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Corporate social responsibility and shareholder's value: an event study analysis

  • Leonardo Becchetti
  • Rocco Ciciretti
  • Iftekhar Hasan

Corporate social responsibility (CSR) is increasingly a core component of corporate strategy in the global economy. In recent years its importance has become even greater, primarily because of the financial scandals, investors’ losses, and reputational damage to listed companies. While corporations are busy adopting and enhancing CSR practices, there is (beyond very few notable exceptions) no established empirical research on CSR’s impact and relevance in the capital market. This paper investigates this issue by tracing the market reaction to corporate entry and exit from the Domini 400 Social Index, recognized as a CSR benchmark, between 1990 and 2004. The paper highlights two main findings: a significant upward trend in absolute value abnormal returns, irrespective of the type of event (for example, addition or deletion from the index), and a significant negative effect on abnormal returns after exit announcements from the Domini index. The latter effect persists even after controlling for concurring financial distress shocks and stock market seasonality.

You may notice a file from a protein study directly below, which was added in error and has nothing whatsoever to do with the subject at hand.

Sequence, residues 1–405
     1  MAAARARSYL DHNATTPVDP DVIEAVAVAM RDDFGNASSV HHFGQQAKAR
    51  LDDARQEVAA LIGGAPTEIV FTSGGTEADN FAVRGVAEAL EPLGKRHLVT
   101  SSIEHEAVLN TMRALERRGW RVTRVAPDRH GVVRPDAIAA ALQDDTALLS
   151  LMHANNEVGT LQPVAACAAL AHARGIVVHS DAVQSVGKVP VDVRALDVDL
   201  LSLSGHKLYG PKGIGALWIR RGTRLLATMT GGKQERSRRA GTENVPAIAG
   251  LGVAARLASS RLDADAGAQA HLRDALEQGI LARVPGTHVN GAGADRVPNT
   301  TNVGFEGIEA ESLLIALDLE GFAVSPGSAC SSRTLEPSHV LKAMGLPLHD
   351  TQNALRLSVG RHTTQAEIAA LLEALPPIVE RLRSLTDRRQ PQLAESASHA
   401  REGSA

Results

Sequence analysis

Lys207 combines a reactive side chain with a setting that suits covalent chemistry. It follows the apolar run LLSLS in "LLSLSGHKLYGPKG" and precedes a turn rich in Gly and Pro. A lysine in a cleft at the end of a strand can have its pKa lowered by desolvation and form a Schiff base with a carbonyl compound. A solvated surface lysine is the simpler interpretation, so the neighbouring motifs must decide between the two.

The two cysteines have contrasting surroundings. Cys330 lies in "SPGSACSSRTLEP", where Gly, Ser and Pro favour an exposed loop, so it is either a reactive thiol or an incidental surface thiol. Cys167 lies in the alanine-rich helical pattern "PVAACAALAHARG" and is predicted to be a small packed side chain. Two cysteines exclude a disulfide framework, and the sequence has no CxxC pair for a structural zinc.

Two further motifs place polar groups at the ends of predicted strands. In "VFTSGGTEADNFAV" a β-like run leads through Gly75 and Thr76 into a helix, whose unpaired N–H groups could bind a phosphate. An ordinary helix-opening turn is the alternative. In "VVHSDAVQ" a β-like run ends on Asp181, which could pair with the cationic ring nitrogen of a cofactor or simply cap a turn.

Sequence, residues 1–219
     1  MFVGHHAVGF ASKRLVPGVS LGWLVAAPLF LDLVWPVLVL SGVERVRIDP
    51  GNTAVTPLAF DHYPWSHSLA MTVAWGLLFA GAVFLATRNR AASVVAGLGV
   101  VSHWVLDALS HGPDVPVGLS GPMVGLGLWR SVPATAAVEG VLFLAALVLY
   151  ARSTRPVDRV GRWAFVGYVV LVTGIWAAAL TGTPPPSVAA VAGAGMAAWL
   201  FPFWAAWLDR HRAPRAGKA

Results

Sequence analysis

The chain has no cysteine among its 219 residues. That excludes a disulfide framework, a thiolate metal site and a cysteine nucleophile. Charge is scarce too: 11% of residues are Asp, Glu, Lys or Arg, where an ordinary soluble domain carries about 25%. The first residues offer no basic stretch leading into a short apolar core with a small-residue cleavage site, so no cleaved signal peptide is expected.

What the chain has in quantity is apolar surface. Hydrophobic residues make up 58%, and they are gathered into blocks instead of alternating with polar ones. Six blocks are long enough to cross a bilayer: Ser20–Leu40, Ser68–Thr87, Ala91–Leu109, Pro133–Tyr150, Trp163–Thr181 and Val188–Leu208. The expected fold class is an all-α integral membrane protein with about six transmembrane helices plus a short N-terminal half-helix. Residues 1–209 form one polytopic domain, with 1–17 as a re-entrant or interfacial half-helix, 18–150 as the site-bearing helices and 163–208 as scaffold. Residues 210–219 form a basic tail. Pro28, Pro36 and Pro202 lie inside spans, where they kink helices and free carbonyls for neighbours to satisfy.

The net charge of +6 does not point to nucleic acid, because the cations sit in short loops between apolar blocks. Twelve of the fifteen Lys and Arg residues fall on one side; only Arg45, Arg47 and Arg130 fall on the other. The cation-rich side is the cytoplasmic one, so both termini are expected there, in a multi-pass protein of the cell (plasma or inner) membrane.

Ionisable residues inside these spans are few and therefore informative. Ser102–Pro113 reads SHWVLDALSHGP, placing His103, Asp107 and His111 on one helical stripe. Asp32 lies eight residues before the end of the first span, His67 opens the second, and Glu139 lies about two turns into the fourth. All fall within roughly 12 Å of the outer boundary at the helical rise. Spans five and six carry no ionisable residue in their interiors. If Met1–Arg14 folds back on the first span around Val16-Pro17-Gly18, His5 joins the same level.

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Paper provided by Federal Reserve Bank of Atlanta in its series FRB Atlanta Working Paper with number 2007-06.

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Date of creation: 2007
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Handle: RePEc:fip:fedawp:2007-06
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  1. Salop, Steven C, 1979. "A Model of the Natural Rate of Unemployment," American Economic Review, American Economic Association, vol. 69(1), pages 117-25, March.
  2. Yellen, Janet L, 1984. "Efficiency Wage Models of Unemployment," American Economic Review, American Economic Association, vol. 74(2), pages 200-205, May.
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  6. Tirole, Jean, 1999. "Corporate Governance," CEPR Discussion Papers 2086, C.E.P.R. Discussion Papers.
  7. Ben Bernanke & Mark Gertler, 1990. "Financial Fragility and Economic Performance," The Quarterly Journal of Economics, Oxford University Press, vol. 105(1), pages 87-114.
  8. Kreps, David M, 1997. "Intrinsic Motivation and Extrinsic Incentives," American Economic Review, American Economic Association, vol. 87(2), pages 359-64, May.
  9. Malcomson, James M, 1981. "Unemployment and the Efficiency Wage Hypothesis," Economic Journal, Royal Economic Society, vol. 91(364), pages 848-66, December.
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